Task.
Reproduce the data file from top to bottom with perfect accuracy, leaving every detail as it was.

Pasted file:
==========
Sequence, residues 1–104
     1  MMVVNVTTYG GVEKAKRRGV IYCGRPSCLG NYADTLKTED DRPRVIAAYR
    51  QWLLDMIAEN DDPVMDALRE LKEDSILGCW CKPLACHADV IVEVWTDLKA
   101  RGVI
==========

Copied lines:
Sequence, residues 1–104
     1  MMVVNVTTYG GVEKAKRRGV IYCGRPSCLG NYADTLKTED DRPRVIAAYR
    51  QWLLDMIAEN DDPVMDALRE LKEDSILGCW CKPLACHADV IVEVWTDLKA
   101  RGVI